Broome is located on a peninsula which forms a large shallow bay to the east called Roebuck Bay. At low tide this exposes large mud flats that attract hordes of shore birds which come to feed on the mud dwelling crustaceans. While most of the migratory shore birds choose to fly to Siberia to breed in the northern hemisphere summer, most of the younger birds don’t bother. So along with the permanent residents, even at this time of the year there is plenty to see.
I camped for 3 nights at a research centre run by Birdlife Australia called the Broome Bird Observatory. In that time managed to add another 8 new bird species to my list.
Roebuck Bay near Broome Bird Observatory at high tide and at low tide.
Another view. The shore birds go out to feed on the flats at low tide that extend for kilometers out into the bay. At this time you can’t really see them. However at high tide they congregate on the beaches like in the photo below.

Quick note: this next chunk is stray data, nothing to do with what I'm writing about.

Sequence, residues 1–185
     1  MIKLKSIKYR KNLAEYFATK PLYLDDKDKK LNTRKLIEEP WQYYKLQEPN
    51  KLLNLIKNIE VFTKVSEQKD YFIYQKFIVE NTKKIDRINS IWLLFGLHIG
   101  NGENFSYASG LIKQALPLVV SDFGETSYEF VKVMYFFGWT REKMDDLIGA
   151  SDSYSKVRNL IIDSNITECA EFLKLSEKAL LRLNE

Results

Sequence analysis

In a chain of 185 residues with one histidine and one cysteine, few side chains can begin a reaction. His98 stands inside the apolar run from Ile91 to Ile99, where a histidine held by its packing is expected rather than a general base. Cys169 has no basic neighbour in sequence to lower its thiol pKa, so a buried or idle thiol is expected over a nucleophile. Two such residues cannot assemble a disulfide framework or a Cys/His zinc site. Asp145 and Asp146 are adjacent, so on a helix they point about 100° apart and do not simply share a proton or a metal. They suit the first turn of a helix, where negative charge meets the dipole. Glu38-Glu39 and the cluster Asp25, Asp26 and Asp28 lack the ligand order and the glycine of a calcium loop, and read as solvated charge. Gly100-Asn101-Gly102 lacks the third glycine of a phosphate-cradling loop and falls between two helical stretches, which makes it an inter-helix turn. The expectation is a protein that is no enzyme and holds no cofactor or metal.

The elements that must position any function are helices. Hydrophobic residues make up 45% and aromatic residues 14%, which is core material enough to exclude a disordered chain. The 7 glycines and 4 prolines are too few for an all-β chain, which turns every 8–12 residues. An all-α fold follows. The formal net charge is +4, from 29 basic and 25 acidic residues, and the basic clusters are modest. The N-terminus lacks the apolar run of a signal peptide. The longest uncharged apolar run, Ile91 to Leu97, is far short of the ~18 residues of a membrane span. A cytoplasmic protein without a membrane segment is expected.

It was not easy to see shorebirds on the first day I visited because it was Sunday and every man and his fishing rod was out lining all the beaches. I’m not sure where the shorebirds go on weekends – maybe to the inaccessible side of the bay to the south. However one small stretch of beach was lined with great egret instead – also obsessed with fishing.
Clockwise from top left: Salt flats being flooded by the high tide – it was interesting to hear a loud rumble emanating from the flats as trapped air bubbled up from the whole area; White-breasted Whistler – a new bird; Australian Hobby Falcon; Australian Pelican
Osprey (LHS) and Brahmini Kite
LHS: Lesser crested tern (a new bird species for me) with black winged stilts and silver gulls. RHS: Crested tern with silver gulls.